the virtual cpu

Dec 07, 06

for quite a few years now, i’ve had this idea of a virtual cpu. it all started back in… oh i guess 98 or 99 and my fascination with the beowolf architecture. i convinced a friend of mine to help me persuade the company we worked for to give us like 20 of the old computers. the intention was to setup 2 beowolf clusters and then to… i dunno make them do something. this is really before i was into development, but i loved scripting and batch files and using linux to do something like this seemed pretty cool.

fast forward to now, my idea is this. you setup a cluster. any cluster size, shape etc. it doesn’t matter. preferably for a machine to be ‘in the cluster’ you would just install an app or something like that. it would have to connect to a traffic controller or something. then, you would install a driver on your machine that utilized the cpu cloud for processing. your machine would see it as another cpu. this may not sound as cool, but take a scenario like this. say you are a company who has 100 machines. you need to migrate to citrix for some reason. now your machines processing is lying dormant. you could install a service, install a simple controller box (or maybe more with a single point of entry), or maybe just install a different service. or maybe there is a listener on all of the machines and they dynamically decide who is in charge. kind of like master browser stuff.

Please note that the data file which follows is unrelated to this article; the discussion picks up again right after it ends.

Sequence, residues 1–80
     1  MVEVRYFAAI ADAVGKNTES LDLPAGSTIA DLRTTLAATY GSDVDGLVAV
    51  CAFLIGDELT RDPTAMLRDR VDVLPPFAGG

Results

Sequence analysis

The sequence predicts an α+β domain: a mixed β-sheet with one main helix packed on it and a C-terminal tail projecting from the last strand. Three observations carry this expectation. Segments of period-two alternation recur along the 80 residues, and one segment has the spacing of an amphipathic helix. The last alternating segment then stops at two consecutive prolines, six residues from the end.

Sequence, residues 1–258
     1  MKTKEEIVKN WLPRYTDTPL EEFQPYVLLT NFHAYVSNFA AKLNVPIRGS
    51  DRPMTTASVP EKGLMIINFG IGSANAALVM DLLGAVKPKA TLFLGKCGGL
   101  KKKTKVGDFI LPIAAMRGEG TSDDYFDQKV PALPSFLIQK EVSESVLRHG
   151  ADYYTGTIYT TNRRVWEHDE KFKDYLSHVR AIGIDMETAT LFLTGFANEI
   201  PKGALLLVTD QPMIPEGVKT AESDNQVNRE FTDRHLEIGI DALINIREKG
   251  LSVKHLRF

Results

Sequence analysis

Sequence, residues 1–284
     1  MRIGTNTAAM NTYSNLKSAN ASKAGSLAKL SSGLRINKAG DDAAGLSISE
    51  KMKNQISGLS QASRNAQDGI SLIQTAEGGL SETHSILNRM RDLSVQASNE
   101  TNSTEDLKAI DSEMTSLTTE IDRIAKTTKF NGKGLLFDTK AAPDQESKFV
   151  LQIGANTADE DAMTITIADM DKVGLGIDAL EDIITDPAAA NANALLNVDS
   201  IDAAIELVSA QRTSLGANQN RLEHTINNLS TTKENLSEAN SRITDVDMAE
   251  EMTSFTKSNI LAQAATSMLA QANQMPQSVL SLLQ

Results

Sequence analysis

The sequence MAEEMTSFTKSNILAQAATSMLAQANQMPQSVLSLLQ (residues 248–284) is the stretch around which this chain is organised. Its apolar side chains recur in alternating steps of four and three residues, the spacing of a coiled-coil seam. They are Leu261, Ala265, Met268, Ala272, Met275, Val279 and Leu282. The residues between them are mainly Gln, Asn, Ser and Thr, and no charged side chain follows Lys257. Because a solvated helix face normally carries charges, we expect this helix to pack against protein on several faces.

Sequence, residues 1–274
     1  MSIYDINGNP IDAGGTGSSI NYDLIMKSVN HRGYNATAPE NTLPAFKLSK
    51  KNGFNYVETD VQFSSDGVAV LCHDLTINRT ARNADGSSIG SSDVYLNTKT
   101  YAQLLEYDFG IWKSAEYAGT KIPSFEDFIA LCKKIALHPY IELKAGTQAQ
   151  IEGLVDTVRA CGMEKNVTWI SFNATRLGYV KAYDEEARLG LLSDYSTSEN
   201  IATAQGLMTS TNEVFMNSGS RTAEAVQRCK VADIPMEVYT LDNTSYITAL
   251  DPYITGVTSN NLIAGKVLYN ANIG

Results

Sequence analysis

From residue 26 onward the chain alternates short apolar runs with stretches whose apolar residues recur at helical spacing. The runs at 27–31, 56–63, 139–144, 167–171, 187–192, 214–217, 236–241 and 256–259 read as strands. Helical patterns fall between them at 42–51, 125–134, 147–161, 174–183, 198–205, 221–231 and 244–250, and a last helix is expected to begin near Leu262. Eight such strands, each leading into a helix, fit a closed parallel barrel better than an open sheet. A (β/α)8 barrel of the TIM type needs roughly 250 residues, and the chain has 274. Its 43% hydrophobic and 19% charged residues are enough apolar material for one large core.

i digress. anyway, say you are this company. you want to give a boost to your sql server, and maybe your iis server. neither is used heavily, but sometimes they have spikes. so you install your virtual cpu and bammo. you can use all that extra horse power.

my original idea also involved distributed memory usage and disk space too. just spread it all around the cloud in some sort of ultra parity and retrieve any of it from anywhere. now, while the memory may not be better or even close to memory locally, imagine if you could setup a ram drive using the ram spread across 100 machines. imagine, not only the speed ramifications of utilizing all these machines, but the ability to continue using your old machines. places like google, can always try and reduce power consumption etc. i know that’s the big new thing, processes per power unit or whatever. but if you aren’t a huge company and you already have those assetts depreciating on the books, it may be worth it. heck, maybe there’s a creative way to write it off. /shrug